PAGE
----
Jonelle Patrick
Jonelle Patrick asked Mary Mackey:

You've written books that take place all throughout history ( and pre-history!) How do you prepare yourself to write in the voices of characters who live in eras that were so different from our own?

Mary Mackey Great question! I had to really think about it for a minute. I think the honest answer is that I do a great deal of research on the period I'm writing about before I sit down to create my characters. I read like crazy: history, fiction, memoirs, anything I can get my hands on. I visit museums, look at drawings of fashions, consult old photographs, visit the locations of my novels.

All during this period, I am constantly trying to put myself in the minds and bodies of the characters I am about bring to life. What did they see? What did they think? What did they smell? How were they different than we are now? What did they believe that we don't believe?

No detail is too small; no detail is unimportant. Did 17th century women have trouble doing up the buttons on the backs of their dresses? Did they even have buttons?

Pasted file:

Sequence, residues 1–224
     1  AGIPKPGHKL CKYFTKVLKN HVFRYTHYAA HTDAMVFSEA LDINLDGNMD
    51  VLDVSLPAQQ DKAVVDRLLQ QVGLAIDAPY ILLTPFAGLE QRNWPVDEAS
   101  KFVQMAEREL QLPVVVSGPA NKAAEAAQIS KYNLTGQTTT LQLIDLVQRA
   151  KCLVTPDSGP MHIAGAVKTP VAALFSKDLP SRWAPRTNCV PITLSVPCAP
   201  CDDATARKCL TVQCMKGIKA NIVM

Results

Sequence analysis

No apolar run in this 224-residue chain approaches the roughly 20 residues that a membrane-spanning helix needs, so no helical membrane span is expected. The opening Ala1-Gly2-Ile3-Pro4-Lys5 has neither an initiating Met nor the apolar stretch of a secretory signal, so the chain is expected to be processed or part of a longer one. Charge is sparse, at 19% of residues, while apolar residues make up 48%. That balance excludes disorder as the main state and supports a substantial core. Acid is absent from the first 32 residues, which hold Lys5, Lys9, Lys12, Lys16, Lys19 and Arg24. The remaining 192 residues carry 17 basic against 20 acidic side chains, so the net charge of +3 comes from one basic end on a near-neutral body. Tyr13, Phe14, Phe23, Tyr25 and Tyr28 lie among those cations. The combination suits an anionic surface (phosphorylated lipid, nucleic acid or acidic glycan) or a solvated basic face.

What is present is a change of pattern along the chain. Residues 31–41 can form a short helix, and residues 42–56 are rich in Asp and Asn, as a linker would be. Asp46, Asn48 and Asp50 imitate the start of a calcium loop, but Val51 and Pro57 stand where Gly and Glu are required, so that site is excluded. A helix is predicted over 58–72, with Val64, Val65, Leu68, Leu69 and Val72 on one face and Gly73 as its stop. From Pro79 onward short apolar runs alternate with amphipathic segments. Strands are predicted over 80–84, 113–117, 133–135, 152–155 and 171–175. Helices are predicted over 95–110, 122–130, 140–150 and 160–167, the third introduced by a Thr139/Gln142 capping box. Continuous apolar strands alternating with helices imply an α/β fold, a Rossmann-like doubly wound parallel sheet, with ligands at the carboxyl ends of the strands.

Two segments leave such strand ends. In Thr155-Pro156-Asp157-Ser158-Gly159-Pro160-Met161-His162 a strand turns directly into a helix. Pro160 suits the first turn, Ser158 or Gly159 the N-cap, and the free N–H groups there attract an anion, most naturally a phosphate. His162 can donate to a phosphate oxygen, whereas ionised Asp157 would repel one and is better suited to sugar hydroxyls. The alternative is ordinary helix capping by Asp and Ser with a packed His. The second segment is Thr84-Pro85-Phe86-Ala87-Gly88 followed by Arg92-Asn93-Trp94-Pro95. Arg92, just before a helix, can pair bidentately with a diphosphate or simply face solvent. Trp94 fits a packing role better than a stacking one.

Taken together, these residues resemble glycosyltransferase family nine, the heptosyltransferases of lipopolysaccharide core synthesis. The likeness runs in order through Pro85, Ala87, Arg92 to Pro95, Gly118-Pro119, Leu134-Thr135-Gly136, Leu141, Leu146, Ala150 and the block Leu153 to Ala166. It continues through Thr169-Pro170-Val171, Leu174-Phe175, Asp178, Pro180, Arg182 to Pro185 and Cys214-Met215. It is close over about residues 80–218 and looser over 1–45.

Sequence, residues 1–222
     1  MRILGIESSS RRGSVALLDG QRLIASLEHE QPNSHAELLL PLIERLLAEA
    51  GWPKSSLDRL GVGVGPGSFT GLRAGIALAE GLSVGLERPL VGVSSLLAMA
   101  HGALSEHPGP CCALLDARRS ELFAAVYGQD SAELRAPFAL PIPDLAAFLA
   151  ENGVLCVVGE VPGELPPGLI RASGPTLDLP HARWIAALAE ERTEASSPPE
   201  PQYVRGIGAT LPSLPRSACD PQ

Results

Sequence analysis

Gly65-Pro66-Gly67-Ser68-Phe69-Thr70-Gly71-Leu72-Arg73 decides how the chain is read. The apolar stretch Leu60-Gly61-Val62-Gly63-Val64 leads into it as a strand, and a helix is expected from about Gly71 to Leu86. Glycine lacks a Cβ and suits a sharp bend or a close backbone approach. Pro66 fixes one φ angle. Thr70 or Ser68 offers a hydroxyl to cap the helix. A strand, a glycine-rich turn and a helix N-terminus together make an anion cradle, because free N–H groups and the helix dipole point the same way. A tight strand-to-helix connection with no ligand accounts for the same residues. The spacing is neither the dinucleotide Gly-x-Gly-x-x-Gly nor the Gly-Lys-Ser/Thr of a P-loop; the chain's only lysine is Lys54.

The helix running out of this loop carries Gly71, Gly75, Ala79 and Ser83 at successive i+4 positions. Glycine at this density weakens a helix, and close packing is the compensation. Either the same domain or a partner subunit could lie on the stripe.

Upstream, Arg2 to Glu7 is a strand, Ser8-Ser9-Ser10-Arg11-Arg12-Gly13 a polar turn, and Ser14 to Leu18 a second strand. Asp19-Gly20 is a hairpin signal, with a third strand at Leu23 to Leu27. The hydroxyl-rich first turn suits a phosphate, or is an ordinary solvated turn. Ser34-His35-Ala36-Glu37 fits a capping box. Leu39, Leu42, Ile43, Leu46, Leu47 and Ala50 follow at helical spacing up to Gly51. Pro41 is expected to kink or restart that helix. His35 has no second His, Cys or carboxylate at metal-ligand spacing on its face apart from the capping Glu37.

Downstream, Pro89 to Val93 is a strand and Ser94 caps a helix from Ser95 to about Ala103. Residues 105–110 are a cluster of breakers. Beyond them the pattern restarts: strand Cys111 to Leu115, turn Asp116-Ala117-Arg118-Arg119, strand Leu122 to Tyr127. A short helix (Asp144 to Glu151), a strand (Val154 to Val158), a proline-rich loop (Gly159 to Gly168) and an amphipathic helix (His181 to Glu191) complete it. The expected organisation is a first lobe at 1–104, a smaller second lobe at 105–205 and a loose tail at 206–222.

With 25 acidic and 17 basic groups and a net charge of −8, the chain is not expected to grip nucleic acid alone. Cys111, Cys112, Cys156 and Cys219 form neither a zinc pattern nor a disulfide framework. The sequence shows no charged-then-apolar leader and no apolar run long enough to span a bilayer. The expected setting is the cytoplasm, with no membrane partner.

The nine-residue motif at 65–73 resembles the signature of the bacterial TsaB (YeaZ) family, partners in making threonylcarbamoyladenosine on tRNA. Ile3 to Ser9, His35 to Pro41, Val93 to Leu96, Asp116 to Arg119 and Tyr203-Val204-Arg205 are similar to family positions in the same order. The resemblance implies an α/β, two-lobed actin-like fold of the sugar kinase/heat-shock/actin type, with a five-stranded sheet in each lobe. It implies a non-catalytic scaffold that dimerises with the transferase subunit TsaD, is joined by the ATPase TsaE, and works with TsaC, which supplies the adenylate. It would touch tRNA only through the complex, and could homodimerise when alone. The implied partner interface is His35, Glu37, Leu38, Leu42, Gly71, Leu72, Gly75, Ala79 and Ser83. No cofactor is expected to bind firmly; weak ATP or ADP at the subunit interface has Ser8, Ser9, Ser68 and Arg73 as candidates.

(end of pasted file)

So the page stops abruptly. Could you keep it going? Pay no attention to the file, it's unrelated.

I have long had it as a basic principle that I will not write a novel until I can imagine the main characters speaking to me. So often, I close my eyes and see if I can hear a dialogue taking place between us: "Who are you?" I ask. "What do you want?" "Is this plot I've come up with going to work for us?" "Do you have any suggestions?"

Once I can hear the characters, I have some final decisions to make: will I have them speak in the language of their own era (say 19th century) or will I make the language more contemporary for the benefit of contemporary reader? Usually, I end up compromising by taking the stiffness out of their sentences but still using words from the specific period.

I try to remind myself that people speaking to one another in any era hear what they are saying as normal conversation. The stiffness or strangeness we may perceive, is an effect of the time that has passed between us and them. They might have said: "Thy breech is foule be-torne;" but what they were actually hearing is "you have a hole in your pants."

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